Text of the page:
We Failed Idealists Need Attention

By Rick R.

I came from a family riddled with alcoholic drinkers and many of them had the same problem as I did. I recall the first month or so, when I got sober, still hanging out with them at our favorite watering hole, drinking ginger ale. I would slip out every night at 8:00 p.m. and go to the AA meeting at 8:30 p.m. and return at 10:30 p.m. without telling anyone where I was going. I didn’t want anybody to know I was checking out the AA program. I didn’t want to face the ridicule at the time, and I wasn’t sure it was going to work for me. If it didn’t work, I wouldn’t have put up with them mocking me. You might say that I was protecting my anonymity at the time and didn’t even know it. 

After thirty days, I didn’t care who knew about it because I believed I found the answer, and I had. Soon, I was one of those guys who wanted to shout it from the rooftops and try to sober up everyone around me, and you know how that turned out. As I dragged each of my five brothers to AA meetings, it seemed they each learned just enough to be able to rationalize exactly why they were not alcoholics, and they ridiculed me anyway. Since then, one brother, a nephew, and a niece have committed suicide. 

That was among the experiences that gave me hard earned lessons to respect the principle of anonymity. Of the rest of my immediate family of ten siblings, only one sister saw something in me that she liked. She got sober in the program and hasn’t had a drink in over forty-eight years. 

We are exposed to the discussions in AA meetings as newer members complain about someone breaking their anonymity; or ones wanting to shout it from the rooftops, like my former self. Such will always be the case in AA as that is one of the symptoms of alcoholism. We are failed idealists who need attention. But as we get more experience, we learn the true value of the spirit of anonymity. We can always come up with some noble reason for tooting our own horn. We can dress it up in the altruistic motive of sacrificing one’s own anonymity to save someone’s life, which sometimes, in the long run, destroys the chance of being a good example. Often the result is just the opposite, which  I have personally witnessed. Tradition Twelve talks of Anonymity as” The spiritual foundation of all our Tradition ever reminding us to place principles before personalities.”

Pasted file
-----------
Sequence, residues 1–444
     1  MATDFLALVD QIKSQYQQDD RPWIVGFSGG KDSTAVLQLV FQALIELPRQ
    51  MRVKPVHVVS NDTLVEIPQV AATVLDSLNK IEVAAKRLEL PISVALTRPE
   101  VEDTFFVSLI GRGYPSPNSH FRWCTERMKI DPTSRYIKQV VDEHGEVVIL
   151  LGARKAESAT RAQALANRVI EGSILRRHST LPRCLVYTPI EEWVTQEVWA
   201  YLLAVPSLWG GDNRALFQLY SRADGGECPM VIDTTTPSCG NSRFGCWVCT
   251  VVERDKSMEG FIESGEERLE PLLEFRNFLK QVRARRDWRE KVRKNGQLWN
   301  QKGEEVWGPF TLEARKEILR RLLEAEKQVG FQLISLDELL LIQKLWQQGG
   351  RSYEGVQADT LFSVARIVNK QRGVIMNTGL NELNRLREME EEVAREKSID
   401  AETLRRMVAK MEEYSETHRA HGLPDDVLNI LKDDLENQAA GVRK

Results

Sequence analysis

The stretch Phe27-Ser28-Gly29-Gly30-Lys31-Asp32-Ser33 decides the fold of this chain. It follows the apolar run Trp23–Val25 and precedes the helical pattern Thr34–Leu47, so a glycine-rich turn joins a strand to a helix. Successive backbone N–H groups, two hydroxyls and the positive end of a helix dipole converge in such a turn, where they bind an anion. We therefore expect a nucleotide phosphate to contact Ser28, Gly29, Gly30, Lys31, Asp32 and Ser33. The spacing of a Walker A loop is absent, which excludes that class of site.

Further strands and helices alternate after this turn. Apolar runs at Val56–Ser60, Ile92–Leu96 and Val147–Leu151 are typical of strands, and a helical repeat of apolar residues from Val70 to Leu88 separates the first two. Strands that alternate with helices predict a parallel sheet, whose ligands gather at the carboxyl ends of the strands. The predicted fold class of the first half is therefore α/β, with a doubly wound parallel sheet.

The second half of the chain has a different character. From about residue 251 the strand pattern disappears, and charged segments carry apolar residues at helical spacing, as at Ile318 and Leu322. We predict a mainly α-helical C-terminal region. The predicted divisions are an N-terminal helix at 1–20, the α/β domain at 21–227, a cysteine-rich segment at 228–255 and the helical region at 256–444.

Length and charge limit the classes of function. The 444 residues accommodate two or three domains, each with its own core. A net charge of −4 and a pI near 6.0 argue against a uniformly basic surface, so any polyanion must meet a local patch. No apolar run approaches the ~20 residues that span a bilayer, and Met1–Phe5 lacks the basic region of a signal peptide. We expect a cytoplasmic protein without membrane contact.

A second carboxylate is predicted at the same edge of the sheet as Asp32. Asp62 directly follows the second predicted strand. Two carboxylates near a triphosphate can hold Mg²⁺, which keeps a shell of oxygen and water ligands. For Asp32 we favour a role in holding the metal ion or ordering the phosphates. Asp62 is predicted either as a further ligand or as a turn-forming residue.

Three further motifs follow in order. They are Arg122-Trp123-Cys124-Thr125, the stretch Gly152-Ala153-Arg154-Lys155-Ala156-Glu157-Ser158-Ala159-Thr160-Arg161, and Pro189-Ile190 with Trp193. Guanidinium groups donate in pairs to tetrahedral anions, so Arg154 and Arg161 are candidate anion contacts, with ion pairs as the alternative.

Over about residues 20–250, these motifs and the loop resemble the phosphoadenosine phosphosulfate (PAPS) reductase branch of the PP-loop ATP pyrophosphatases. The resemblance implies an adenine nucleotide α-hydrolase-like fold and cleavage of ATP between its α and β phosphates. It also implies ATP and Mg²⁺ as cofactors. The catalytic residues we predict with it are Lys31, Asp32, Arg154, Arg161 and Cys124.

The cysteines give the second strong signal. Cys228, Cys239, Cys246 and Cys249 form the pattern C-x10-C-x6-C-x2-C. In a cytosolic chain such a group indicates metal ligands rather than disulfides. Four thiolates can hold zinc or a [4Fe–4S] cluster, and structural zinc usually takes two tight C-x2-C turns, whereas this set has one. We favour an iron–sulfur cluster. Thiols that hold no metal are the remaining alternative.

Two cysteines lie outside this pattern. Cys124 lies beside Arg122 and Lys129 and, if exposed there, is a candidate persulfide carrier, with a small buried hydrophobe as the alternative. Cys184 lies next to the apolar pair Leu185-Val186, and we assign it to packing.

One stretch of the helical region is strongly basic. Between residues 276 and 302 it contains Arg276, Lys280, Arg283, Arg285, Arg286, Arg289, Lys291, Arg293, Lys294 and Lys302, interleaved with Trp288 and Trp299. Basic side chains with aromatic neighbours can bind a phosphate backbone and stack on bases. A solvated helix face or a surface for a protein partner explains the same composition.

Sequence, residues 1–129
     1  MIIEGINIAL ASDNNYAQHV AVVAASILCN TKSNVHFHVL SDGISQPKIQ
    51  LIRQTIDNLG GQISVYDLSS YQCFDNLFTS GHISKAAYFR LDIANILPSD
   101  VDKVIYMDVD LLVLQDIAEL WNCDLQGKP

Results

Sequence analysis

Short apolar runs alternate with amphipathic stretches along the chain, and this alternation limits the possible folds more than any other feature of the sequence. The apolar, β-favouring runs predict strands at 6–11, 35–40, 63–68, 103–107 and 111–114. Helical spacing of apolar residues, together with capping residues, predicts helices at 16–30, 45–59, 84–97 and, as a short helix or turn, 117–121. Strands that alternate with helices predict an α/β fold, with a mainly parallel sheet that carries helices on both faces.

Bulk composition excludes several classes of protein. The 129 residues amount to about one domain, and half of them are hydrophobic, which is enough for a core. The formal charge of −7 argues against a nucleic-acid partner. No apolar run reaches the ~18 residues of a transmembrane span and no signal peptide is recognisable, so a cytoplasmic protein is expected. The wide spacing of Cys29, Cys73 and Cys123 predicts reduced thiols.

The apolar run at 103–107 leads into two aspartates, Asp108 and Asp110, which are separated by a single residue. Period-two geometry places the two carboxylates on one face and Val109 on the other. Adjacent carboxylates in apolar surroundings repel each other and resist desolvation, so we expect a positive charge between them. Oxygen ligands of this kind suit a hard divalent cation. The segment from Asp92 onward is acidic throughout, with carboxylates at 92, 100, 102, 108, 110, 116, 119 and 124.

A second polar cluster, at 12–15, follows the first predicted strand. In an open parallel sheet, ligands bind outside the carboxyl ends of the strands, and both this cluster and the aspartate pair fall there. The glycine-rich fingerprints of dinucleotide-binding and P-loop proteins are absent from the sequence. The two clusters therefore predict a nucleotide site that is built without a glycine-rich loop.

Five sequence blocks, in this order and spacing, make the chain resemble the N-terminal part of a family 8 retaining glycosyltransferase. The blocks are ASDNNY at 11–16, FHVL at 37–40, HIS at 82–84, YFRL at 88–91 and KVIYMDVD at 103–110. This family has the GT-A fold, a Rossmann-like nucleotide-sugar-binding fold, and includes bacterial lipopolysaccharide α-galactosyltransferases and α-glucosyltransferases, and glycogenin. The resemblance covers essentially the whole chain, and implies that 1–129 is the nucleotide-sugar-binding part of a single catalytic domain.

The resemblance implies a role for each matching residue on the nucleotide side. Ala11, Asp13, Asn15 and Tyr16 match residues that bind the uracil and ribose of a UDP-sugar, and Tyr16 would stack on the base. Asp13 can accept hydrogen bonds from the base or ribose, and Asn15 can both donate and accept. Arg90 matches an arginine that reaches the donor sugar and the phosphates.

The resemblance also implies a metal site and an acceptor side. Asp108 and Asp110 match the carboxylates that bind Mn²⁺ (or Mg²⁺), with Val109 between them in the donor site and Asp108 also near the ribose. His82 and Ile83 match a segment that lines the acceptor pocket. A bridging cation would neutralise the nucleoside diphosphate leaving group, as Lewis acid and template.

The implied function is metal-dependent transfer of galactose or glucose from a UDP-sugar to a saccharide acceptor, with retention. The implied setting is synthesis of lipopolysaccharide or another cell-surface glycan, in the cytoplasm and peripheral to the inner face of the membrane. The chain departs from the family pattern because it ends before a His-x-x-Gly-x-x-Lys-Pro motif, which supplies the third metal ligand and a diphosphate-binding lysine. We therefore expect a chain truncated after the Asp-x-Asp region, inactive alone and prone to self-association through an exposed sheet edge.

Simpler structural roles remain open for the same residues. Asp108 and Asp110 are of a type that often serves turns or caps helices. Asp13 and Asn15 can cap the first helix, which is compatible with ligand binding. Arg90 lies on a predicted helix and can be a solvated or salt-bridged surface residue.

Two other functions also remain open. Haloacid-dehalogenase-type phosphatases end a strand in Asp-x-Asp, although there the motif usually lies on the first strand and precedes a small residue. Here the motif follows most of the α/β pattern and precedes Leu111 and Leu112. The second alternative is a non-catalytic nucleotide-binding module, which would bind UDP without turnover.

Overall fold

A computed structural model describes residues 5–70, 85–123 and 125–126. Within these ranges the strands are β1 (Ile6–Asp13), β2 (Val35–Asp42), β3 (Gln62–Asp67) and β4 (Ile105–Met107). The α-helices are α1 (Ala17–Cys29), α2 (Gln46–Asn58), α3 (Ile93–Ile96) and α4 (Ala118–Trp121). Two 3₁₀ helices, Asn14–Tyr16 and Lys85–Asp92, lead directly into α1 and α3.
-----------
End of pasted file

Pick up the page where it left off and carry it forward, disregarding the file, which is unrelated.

There is a difference between the” Spirit of the law”, and the” Letter of the law.” We who have been diligent with the program have been highly influenced by the Spirit of what the founders learned and introduced us to in the form of the 12 steps and the 12 traditions.  They all come in the form of unselfishness of the spirit. I have yet to find one prayer or principle in the two books we use as reference guides, that are of a material nature or of selfish motives. This tells me the things I do, as the result of practicing the principles of the program, should be done unselfishly and without fanfare. So long as I needed the attention I was always seeking when I was looking for the photo opp., I was still only following the letter of the law, so to speak. When I came to understand the Spirit of Anonymity, I was able to rein in my EGO and my selfish motives. I try to be a good role model and do so quietly. It seems to work better that way.   

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